The Pentagon, meanwhile, has continued to reduce troop numbers in Afghanistan toward a target of 2,500 by Jan. 15, despite a provision in the defense spending law — approved by Congress on Jan. 1 over Trump's veto — intended to stop him from doing so, Reuters reports.

  • The law requires the Pentagon to provide a detailed rationale before accessing funds to lower troop levels below 4,000.
  • The Pentagon told Reuters on Monday that there had been no orders to slow the withdrawal, and one official added that the troop count was already down to around 3,000.
  • Biden has also called for Trump reductions in Afghanistan, while keeping open the possibility of a counter-terrorism force remaining in the country.

The bottom line: The administration is clearly more focused on pushing its policies as far as they can go before Jan. 20 than on ensuring a smooth transition.

Go deeper: Pompeo's last-minute Yemen move sparks outrage in Congress

Go deeper

Jan 29, 2021 - World

Biden picks Rob Malley as envoy for Iran

Malley (L) during Iran deal negotiations in Vienna, 2015. Photo: Siamek Ebrahimi/Anadolu Agency/Getty Image

Rob Malley will serve as the Biden administration's special envoy for Iran, working out of the State Department, White House press secretary Jen Psaki announced on Friday.

Why it matters: Malley, a former Middle East adviser to Barack Obama, took part in the negotiations over the Iran nuclear deal and is a strong supporter of a U.S. return to the agreement. Reports of his likely selection led to sharp criticism from opponents of the deal like Sen. Tom Cotton (R-Ark.), while former colleagues from the Obama administration rallied to Malley's defense.

Nathan Bomey, author of Closer
1 hour ago - Economy & Business

Tesla delays Cybertruck until 2023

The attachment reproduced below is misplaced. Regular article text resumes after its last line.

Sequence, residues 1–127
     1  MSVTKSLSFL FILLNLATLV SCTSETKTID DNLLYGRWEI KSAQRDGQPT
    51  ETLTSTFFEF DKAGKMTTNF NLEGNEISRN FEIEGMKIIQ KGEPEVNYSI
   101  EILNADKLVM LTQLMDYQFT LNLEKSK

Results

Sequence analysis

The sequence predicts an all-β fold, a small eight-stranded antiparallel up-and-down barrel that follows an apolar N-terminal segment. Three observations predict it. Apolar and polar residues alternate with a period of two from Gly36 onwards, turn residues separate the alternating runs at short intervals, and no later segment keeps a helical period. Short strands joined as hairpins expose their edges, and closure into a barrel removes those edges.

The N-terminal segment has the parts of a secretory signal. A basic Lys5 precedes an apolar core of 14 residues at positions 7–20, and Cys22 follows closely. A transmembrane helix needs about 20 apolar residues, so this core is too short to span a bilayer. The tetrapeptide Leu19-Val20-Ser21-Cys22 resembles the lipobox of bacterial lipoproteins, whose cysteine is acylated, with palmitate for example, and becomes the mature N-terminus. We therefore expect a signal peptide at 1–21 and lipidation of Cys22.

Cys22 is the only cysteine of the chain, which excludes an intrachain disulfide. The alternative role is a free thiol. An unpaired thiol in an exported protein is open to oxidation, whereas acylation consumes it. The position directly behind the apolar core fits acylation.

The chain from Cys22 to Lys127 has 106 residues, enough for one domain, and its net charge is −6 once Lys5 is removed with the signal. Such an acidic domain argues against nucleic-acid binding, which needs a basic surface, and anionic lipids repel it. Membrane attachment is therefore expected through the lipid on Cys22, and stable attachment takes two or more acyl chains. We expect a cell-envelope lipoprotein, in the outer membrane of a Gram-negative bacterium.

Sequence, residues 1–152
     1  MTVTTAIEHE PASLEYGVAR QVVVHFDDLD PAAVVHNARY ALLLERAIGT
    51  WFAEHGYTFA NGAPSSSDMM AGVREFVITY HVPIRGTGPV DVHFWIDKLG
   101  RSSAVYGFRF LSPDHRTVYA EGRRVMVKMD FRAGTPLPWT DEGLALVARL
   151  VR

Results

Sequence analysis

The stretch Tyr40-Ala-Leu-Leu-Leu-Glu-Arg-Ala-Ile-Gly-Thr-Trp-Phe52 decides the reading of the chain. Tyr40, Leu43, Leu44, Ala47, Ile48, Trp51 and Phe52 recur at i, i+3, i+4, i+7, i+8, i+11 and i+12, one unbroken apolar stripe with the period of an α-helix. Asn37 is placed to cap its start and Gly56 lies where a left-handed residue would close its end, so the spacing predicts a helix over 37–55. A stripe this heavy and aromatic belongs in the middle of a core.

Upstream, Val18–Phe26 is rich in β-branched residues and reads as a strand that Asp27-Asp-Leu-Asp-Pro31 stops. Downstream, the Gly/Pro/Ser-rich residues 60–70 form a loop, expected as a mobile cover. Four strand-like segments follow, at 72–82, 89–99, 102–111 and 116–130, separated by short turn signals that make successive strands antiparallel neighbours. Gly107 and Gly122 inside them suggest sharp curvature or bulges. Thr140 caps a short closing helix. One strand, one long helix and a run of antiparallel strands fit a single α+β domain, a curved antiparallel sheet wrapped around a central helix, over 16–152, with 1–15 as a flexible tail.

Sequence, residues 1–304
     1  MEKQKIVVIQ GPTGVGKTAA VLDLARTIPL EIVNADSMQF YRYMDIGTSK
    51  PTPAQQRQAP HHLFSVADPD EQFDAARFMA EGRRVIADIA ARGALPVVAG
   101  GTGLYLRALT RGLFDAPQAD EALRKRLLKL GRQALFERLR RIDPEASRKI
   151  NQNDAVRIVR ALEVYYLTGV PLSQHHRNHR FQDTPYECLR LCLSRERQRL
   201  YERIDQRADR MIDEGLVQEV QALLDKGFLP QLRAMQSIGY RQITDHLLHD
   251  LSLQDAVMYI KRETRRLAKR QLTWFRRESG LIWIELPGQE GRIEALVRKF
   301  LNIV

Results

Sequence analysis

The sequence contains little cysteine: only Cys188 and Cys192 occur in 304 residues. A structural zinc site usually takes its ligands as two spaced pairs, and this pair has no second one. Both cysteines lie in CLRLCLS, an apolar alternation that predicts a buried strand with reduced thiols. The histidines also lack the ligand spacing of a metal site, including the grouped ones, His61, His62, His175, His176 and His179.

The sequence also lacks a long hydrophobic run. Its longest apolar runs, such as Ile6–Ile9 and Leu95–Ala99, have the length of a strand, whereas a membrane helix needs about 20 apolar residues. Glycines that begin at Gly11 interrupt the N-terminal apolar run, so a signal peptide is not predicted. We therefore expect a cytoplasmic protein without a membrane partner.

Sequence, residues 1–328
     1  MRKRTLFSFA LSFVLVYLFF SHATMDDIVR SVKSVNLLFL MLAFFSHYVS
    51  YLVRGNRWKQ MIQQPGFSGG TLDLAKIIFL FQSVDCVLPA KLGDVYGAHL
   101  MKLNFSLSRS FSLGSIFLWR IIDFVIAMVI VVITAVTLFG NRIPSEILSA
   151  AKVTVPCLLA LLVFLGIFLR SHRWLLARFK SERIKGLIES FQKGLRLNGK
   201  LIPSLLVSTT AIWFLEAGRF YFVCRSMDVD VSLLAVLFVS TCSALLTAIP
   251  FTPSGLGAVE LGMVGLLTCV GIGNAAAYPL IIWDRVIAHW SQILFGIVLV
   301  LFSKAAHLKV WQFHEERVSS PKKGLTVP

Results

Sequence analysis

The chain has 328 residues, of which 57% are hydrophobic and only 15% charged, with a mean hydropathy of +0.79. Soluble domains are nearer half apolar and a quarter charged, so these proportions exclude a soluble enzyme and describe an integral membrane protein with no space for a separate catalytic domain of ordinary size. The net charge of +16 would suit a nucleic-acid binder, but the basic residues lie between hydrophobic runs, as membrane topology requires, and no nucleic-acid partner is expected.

Tesla debuts the Cybertruck in Hawthorne, Calif., on Nov. 21, 2019. Photo: Frederic J. Brown/AFP via Getty Images

Tesla is at risk of falling behind on one of the most critical products in the American auto industry: pickups.

Why it matters: Pickups are the most profitable segment in the business and account for the first, second and third best-selling vehicles in the country. Without a serious pickup strategy, Tesla could miss out on a huge source of future income.

Defense taking steps to mitigate civilian harm after botched airstrikes

Secretary of Defense Lloyd Austin speaks during a news conference at the Pentagon in Arlington, Virginia on Sept. 1, 2021. Photo: Andrew Harrer/Bloomberg via Getty Images

Defense Secretary Lloyd Austin issued a directive Thursday to improve the U.S. military's approach to civilian harm mitigation and response, calling it a "strategic and a moral imperative."

Why it matters: The Pentagon has faced criticism for years for amassing civilian casualties in its missions, especially in the Middle East. New York Times investigations have found systemic failures in efforts to prevent civilian deaths, as well as a cover-up of a 2019 airstrike that killed dozens of women and children in Syria.